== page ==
I'm a software developer who inherited a part-time DBA role. I'm responsible for an application backend by a small, high-volume 24x7 database on SQL Server 2008.
While there's other stuff in the DB, the critical piece is a 50GB, 7.5M row table that serves 100K requests/sec during peak load, and about half that at "night". This is 99%+ read traffic, but the writes are constant, and required.
I need to be able to perform periodic maintenance without a maintenance window. Say an index rebuild, a job to purge old data, Windows Update, or hardware upgrade. Most of the advice I've seen is along the lines of "MAKE a maintenance window." While I appreciate the sentiment, I hope there's another way. If it will solve this problem, I do have the ability to purchase new hardware or modify the database, the clients (a set of web services servers), and much of the application code (ADO.NET + ASP.NET).
I've been thinking along the lines of using the warm spare (or a 3rd server) to do the maintenance, and then "swap" it into production.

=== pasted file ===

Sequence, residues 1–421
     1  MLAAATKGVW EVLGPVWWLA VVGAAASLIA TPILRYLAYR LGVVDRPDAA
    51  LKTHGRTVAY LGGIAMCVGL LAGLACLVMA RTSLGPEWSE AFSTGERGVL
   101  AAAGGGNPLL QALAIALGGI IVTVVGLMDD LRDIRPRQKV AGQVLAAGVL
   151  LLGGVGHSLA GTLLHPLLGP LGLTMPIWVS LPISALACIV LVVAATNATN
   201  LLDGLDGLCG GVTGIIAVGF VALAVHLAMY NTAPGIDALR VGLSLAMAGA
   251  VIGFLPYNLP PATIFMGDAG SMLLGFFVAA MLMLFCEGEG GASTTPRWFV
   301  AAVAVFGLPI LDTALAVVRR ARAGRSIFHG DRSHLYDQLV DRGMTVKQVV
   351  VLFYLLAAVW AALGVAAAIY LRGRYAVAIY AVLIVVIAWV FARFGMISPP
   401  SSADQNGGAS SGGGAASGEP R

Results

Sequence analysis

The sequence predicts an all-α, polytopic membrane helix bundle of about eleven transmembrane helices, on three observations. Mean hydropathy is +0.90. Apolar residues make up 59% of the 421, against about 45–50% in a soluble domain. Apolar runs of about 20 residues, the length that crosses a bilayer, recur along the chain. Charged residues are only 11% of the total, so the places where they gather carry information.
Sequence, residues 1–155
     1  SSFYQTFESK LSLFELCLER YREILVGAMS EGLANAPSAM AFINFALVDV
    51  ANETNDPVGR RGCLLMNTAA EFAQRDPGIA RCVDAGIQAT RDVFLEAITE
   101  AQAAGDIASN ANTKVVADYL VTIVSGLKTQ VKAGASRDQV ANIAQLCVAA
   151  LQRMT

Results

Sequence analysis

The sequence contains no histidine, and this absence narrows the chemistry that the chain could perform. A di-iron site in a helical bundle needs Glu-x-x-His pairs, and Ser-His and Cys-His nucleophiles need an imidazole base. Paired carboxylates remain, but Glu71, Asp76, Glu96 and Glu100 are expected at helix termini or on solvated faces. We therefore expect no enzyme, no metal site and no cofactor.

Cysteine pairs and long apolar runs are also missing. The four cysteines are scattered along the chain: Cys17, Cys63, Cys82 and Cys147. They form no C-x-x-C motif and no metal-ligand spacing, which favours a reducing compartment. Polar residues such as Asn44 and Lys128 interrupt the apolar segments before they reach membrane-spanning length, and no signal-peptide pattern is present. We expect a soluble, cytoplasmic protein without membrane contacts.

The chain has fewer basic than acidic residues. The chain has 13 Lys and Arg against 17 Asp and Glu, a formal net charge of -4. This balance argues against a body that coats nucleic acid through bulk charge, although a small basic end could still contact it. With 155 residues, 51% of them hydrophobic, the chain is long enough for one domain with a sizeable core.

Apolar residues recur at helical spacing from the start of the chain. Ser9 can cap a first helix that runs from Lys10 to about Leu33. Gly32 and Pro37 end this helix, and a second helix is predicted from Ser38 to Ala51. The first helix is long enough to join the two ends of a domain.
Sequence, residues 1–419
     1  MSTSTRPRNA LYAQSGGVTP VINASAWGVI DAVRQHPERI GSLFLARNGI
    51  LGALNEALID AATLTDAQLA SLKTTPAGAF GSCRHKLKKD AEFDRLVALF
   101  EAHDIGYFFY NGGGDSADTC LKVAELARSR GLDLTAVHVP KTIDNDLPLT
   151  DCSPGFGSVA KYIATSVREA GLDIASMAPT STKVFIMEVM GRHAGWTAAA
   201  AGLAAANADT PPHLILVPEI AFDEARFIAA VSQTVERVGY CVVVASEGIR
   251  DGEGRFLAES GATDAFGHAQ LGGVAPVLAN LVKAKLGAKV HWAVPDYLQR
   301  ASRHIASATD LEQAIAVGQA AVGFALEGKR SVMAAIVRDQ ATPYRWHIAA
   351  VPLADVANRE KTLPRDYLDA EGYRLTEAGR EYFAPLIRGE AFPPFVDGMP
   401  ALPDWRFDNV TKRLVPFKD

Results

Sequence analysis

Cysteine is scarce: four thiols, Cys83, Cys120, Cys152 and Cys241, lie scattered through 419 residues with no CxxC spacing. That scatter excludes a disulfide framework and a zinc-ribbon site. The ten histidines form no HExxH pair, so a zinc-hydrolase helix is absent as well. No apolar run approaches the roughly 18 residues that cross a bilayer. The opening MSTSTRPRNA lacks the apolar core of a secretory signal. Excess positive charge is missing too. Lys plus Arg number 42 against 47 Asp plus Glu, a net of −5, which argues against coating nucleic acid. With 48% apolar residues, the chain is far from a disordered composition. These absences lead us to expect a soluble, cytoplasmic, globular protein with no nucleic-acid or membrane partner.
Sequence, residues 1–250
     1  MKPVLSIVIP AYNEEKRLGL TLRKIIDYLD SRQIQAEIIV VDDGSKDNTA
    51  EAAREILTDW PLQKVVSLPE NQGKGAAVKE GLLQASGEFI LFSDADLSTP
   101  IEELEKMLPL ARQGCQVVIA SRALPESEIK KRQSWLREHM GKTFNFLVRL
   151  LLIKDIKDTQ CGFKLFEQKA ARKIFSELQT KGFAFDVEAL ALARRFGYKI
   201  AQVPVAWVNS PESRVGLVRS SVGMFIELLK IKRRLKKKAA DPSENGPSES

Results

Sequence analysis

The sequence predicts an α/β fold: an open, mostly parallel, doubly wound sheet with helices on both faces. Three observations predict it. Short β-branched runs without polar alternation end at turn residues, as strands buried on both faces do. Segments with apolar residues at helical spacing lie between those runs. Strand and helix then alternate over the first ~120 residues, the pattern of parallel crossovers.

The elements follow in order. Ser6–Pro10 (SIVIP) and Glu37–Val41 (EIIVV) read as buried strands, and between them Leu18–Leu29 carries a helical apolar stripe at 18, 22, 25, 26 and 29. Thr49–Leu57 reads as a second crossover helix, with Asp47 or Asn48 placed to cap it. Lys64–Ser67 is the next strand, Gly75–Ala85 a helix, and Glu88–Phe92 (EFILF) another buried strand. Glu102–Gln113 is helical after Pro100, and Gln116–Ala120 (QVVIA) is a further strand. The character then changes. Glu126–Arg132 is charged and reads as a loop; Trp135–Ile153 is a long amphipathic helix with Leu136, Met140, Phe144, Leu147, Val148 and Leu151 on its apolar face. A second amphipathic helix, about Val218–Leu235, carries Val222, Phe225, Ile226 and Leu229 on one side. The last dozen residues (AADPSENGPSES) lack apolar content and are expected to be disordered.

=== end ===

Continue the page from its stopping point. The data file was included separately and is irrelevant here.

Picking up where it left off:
1 Synchronize the spare by restoring backups, including a current transaction log.
2 Perform the maintenance tasks. 3 Reconfigure clients to connect to the spare server. Existing connections are finished within a minute or so. 4 The spare server is now the production server.
The problem remaining is that the new production server is now out of date by however long it took to perform maintenance. Is there some way that the original production server can be made to queue up changes and merge them to the spare between steps 2 and 3? Any other ideas?